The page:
This is not the sole suspect project in Joshimath approved by the executive and the judiciary. The 900-km Char Dham Mahamarg Vikas Pariyojna, a highway project, was exempted from environmental impact assessment (EIA) clearance on the grounds that it has been divided into segments of less than 100 km and is of strategic importance for the army. The Supreme Court did not interfere once the administration termed it as a defence policy decision, thus letting the administration bypass the environmental security aspect. Eventually, an assessment was undertaken for an already approved project.
Is there a legal basis for the residents’ concerns?
The Environment Protection Act, 1986, under which the Environmental Impact Assessment notification of 2006 has been formulated, requires such above-mentioned projects to be scrutinised for environmental impact on the surroundings. The Act in itself does not mention the hydroelectric mode of power generation, nor do the Environment (Protection) Rules, 1986. However, the 2006 notification explicitly mentions the same and empowers the Union government to constitute an expert appraisal committee, on the recommendations of which it shall provide clearance to the projects.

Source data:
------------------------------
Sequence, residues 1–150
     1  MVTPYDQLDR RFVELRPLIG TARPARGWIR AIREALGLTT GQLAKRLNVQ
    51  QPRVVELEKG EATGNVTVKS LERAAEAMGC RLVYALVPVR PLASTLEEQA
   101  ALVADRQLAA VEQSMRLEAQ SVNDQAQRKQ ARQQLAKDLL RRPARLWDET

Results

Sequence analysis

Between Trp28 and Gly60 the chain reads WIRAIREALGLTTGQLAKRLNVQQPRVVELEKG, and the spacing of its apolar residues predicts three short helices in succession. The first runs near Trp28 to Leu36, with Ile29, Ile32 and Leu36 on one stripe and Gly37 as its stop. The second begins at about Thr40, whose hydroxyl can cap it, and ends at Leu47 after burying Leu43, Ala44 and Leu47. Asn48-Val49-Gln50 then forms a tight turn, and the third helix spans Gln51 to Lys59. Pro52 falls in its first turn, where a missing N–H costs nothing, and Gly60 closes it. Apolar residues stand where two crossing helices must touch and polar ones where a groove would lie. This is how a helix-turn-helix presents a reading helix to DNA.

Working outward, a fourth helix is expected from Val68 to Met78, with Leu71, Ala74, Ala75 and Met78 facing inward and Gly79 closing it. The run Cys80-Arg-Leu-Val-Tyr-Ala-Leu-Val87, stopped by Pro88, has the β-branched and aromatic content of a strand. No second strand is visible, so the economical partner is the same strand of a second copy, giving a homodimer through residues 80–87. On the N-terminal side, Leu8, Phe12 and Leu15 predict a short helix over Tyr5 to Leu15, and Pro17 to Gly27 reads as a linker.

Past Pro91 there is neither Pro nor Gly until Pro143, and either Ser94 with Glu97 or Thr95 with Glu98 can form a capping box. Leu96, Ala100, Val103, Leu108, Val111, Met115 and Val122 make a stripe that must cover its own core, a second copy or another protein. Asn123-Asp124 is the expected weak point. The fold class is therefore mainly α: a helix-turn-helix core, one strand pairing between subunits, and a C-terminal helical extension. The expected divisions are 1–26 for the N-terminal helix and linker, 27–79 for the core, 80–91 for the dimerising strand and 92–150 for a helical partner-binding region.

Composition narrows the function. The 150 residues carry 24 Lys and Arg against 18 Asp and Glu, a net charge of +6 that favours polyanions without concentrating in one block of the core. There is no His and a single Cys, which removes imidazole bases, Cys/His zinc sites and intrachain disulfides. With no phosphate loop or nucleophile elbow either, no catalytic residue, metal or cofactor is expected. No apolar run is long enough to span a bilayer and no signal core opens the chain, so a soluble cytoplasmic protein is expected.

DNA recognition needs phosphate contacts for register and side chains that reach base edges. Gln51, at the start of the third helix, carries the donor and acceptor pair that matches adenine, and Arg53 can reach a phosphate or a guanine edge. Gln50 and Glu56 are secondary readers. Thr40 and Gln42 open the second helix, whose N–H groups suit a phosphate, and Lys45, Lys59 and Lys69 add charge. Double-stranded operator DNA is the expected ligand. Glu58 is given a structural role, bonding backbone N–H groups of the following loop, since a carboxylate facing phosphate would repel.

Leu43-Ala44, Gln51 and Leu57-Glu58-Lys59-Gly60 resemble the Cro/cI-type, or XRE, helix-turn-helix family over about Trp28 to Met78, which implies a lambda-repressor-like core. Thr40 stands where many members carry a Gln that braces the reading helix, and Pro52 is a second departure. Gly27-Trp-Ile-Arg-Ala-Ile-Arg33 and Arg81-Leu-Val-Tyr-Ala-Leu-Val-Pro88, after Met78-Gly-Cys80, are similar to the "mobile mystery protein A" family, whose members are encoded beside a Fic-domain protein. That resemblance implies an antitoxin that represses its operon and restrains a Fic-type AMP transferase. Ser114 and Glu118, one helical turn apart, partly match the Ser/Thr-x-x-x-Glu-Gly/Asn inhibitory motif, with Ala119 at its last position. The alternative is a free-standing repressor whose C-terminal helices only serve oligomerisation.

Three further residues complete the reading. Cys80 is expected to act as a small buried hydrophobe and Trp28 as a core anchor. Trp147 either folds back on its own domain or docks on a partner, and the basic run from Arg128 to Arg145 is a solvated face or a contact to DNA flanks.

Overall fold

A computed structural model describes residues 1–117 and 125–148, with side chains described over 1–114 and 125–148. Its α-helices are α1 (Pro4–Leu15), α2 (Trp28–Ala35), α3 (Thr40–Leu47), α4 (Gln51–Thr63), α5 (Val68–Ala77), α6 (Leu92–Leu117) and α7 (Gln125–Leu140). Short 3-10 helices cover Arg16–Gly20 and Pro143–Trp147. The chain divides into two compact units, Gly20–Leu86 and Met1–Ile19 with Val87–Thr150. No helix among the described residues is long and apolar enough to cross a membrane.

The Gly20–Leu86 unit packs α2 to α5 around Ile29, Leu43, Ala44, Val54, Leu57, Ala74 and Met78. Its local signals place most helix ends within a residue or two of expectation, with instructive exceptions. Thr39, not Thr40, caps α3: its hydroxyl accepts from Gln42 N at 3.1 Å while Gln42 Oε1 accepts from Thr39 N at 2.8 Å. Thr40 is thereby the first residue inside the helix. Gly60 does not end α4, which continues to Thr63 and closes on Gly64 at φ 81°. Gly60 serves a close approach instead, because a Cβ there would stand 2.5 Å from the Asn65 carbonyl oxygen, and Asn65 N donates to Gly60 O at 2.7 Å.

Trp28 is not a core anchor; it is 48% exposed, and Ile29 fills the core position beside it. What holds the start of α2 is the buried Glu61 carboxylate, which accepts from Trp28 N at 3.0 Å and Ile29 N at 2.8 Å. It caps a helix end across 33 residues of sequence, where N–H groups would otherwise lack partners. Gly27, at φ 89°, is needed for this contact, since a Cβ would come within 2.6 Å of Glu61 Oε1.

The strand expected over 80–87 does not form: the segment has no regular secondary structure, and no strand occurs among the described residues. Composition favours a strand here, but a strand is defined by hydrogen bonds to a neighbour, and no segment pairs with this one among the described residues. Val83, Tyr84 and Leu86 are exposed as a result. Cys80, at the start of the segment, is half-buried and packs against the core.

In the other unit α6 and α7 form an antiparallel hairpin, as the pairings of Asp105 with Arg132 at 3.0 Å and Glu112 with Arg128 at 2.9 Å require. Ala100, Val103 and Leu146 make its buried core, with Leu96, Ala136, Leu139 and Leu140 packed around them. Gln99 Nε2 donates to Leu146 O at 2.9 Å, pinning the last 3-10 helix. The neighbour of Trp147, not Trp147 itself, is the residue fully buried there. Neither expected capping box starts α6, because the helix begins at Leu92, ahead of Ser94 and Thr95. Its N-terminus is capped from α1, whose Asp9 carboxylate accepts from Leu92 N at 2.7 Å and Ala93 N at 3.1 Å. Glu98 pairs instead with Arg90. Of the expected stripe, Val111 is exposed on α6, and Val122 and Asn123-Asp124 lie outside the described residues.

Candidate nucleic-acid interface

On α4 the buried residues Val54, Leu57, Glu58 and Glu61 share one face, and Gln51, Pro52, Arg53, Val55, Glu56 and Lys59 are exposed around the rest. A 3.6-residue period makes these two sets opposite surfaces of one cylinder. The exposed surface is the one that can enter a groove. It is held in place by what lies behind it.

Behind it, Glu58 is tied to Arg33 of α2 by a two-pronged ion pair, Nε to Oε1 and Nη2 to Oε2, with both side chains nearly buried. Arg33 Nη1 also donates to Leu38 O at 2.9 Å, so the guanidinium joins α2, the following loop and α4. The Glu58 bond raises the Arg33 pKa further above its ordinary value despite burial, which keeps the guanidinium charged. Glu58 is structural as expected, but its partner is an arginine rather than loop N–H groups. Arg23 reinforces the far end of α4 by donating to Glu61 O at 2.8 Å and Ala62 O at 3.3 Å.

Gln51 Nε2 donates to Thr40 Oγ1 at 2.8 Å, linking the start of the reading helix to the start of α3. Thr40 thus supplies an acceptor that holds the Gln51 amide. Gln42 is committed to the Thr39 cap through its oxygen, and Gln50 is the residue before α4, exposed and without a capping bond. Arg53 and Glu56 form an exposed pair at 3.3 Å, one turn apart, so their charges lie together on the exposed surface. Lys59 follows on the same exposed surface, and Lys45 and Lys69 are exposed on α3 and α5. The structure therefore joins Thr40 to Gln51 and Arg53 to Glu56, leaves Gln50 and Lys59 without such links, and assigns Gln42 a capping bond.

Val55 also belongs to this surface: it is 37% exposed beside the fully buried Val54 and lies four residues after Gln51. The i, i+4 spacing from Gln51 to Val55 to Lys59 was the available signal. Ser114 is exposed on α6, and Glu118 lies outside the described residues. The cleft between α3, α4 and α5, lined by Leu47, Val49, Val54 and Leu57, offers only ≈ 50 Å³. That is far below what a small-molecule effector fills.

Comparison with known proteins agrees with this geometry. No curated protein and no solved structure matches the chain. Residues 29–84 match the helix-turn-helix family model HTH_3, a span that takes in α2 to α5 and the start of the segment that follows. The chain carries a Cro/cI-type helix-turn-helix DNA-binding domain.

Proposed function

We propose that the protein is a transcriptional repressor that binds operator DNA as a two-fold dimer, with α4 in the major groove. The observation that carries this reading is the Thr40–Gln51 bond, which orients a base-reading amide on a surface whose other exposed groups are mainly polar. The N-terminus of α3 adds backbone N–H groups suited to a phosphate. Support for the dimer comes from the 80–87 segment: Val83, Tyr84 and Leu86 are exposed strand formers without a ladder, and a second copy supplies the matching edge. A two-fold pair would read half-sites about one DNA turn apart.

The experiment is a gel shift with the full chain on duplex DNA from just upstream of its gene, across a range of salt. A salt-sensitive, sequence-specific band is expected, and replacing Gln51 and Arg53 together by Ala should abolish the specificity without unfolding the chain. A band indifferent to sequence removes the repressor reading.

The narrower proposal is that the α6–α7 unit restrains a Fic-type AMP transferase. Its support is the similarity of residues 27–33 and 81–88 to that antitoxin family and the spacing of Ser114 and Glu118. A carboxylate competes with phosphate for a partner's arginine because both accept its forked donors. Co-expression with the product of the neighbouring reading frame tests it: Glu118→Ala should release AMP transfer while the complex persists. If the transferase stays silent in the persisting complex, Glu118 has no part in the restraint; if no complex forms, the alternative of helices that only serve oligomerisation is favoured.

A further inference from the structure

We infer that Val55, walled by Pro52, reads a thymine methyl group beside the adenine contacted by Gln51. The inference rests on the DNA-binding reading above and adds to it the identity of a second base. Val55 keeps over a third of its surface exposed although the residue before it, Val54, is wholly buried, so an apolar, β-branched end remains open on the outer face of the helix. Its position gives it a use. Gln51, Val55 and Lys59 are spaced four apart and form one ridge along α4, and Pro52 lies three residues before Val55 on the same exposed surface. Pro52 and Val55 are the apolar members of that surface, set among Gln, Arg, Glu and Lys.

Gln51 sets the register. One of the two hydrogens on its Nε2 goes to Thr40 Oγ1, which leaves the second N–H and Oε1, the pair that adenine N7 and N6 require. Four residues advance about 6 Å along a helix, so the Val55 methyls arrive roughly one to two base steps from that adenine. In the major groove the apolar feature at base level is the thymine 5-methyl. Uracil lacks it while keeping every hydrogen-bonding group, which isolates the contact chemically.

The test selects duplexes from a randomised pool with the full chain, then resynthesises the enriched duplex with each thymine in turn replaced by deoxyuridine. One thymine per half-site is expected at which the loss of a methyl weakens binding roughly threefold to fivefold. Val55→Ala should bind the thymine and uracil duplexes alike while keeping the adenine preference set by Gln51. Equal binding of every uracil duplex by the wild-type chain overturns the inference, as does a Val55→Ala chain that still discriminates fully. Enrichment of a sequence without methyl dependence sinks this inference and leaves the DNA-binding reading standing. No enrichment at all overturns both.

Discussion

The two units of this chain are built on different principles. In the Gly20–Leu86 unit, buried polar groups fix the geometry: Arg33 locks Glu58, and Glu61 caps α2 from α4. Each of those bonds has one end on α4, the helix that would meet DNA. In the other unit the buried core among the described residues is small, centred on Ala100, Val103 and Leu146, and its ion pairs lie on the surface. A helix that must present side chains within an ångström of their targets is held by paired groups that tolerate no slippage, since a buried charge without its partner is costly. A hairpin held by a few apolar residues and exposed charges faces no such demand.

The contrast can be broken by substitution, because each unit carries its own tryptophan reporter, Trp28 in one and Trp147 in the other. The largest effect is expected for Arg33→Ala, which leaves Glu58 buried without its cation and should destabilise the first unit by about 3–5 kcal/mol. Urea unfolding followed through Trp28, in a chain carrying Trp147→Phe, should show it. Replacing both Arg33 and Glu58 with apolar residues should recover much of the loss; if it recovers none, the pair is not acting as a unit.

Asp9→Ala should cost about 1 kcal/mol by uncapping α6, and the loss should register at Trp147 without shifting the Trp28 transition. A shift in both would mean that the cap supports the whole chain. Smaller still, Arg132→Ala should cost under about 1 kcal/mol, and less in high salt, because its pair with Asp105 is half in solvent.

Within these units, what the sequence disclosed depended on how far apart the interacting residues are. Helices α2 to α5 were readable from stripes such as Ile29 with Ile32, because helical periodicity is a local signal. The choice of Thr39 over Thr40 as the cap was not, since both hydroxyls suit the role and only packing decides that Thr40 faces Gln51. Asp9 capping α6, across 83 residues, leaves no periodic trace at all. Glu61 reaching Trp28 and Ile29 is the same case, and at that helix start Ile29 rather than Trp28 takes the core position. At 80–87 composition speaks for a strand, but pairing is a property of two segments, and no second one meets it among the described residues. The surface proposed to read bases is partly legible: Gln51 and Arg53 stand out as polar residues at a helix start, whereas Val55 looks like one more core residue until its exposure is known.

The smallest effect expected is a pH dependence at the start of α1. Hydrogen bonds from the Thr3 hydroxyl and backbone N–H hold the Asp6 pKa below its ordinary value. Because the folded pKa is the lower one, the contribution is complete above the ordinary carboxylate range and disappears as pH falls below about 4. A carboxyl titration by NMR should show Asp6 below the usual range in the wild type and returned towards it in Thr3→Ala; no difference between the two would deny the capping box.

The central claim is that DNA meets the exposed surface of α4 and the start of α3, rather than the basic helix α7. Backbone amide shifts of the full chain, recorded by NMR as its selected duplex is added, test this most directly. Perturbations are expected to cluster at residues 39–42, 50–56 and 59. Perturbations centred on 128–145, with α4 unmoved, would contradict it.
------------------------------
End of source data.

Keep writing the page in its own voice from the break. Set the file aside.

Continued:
The hydel project was granted environmental clearance in 2005 under the then EIA Notification, 1994. Thereafter, multiple instances of landslides and cracks in Joshimath occurred, inviting expert bodies with conflicting reports regarding the impact of the hydel project on the ecology of the area, with some reports concluding that the project is at a safe distance from the town while others saying that its long-term impact is beginning to show. The highway project was in fact subjected to an EIA after it was approved, instead of as a precautionary preventive step that the notification provides for.
What would an administrative enquiry into the fiasco look like?
This article aims to analyse whether administrative law exists legitimately in the context of environmental clearances, and whether it ensures accountability for governance decisions to citizens. In furtherance of this, French philosopher Jacques Derrida’s deconstruction will be employed to break down the steps into smaller enquiries to reach multiple aspects of the initial question.
First, is administrative law in itself lawful?